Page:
Tuesday, January 16, 2018


BERNIE'S LEGACYromantic mysteries"A series that keeps you on the edge, wondering what will happen next... jaw-dropping, heart-stopping..." 

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NOW IN PRINT!Digital versions only 99 cents this month: Free is you sign up for Genie Gabriel's newsletter: <http://www.designsbymsg.com/GENIEgabriel/Newsltr.html>.]

WHY DID BERNIE HAVE TO DIE?Prequel to the Halo Legacy Series--A wild Irish rogue tempts trouble one time too manyand comes face to face with the consequences.
As a cop, Bernie usually commanded the driver's seat.Now he sat chained in the back of a police cruiser on the way to thecounty jail.An "offer" from a dirty cop could have been Bernie's ticket to freedom.But the same Irish stubbornness that drove him to take risks gave him the backbone to face the consequences. 

He begins a journey to atone for what he has done, which becomes a mission to save kids from unspeakable conditions.He doesn't plan on finding a womanwho becomes his courageous life partnerand enemies among those he thought were his friends.


Bernie's heartbeat stuttered as his old pickup topped the gentle rise ofland that marked the boundary of his grandparents' farm. The burned outremains of the old house slammed memories as hard as a fist into his gutas he braked to a stop.The flames licked greedily up the brick chimney, consuming the tinderdry wood siding, and lighting up the night sky. Bernie bellowed inhelpless rage, dunking himself in the water trough used for livestockbefore plunging into the flames and toward the bedroom his grandparentshad shared since their marriage decades earlier.Fury fueled his strength as he cradled his grandmother in his arms andcarried her outside, then returned for his grandfather. He laid themside by side on the cool, damp grass, searching frantically for a pulse.But he knew it was futile. They were already dead.Tallie laid her hand over Bernie's whitened knuckles. Through the sheenof his tears, he saw the mirror of his sadness in her eyes. He turnedhis hand over and clasped hers tightly.Together, they would rebuild. A house. A family. A legacy this townwould never forget.~ * ~Bernie pushed open the door to the general store and stepped inside,pausing to fill his lungs with the remembered smells of ripe cheese,pickles, cured meats, leather, and tobacco smoke that had permeated thebuilding's walls since the store opened over a hundred years before.Even the old pot-bellied stove remained in one corner, flanked byseveral wooden chairs that once invited pioneers to sit a spell and swapstories.However, shelves once crowded with treasures that fascinated Bernie as aboy now held only a few sparse items."Well, Bernie O'Shea. I heard you were back in town." A white-haired oldman with a curved back limped slowly toward him with the assistance of aknobby cane."Mr. Haroldson." Bernie walked across the plank flooring and stretchedout his hand in greeting. "I need a few things to build a house on mygrandparents' place.""So it's true?""Yessir.""Took you long enough to come back, boy.""I have a wife and two boys now. We plan to make our home here."A slow smile curved the older man's mouth. "The hell you say.""Think you could order some lumber, nails and roofing for the house?""Might need some plumbing supplies and paint too.""That we might. I can give you the cash up front."The old man grinned and clapped Bernie on the shoulder. "Welcome home,boy. Welcome home."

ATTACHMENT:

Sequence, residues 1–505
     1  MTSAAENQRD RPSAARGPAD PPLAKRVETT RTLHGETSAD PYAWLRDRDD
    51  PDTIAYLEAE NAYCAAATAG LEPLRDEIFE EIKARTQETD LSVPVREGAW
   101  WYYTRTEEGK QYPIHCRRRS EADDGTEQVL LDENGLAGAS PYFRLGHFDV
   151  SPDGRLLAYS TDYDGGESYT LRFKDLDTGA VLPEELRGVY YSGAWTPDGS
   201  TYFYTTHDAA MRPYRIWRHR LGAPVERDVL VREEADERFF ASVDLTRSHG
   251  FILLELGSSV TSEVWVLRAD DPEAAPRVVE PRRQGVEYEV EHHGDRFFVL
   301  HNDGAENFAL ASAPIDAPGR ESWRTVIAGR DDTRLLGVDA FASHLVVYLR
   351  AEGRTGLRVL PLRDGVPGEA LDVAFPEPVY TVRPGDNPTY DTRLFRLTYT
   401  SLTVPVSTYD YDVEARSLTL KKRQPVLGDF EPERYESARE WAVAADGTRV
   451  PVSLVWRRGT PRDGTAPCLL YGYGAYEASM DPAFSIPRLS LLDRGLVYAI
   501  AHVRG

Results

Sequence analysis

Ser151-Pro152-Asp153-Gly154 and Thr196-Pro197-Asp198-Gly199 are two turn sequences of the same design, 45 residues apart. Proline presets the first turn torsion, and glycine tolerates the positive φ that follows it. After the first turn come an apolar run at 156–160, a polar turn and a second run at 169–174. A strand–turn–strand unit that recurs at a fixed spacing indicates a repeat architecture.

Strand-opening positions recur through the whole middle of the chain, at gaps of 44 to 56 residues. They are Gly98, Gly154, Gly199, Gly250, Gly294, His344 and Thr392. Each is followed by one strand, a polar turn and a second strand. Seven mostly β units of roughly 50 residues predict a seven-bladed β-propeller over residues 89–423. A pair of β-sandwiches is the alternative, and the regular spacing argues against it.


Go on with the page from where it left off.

~ * ~

A satisfied feeling settled in Bernie's gut as he drove back to hisgrandparents' property. The feeling lasted until he topped the rise ofland from where he could see the site of their future home--and a policecar parked in the driveway.Bernie pulled his shotgun out of its rack as he drove the pickup aroundthe cruiser. He stopped beside Tallie and the boys, opening the door soit shielded her. When he stepped out of the pickup, the shotgun waspointed at Randall Weston's chest. "You're trespassing, Weston."The chief of police eased back toward his cruiser. "Just checking out areport of squatters at your grandparents' property.""My property. My wife. My kids. Get off and don't come back.""Well, that's not very neighborly--"The metallic ka-ching of Bernie cocking a shell into the barrel hadWeston back-stepping quickly. He slid behind the wheel of the policecruiser and sped away.

COMING IN FEBRUARY 2018The print version ofPICTURE PERFECT LEGACYBook 1 of the Halo Legacy Romantic Mysteries

Monday, January 15, 2018

#MysteryMonday: #Grayson #ContemporaryFiction


By Tamar White
5 Stars
Reviewed by G. Lloyd Helm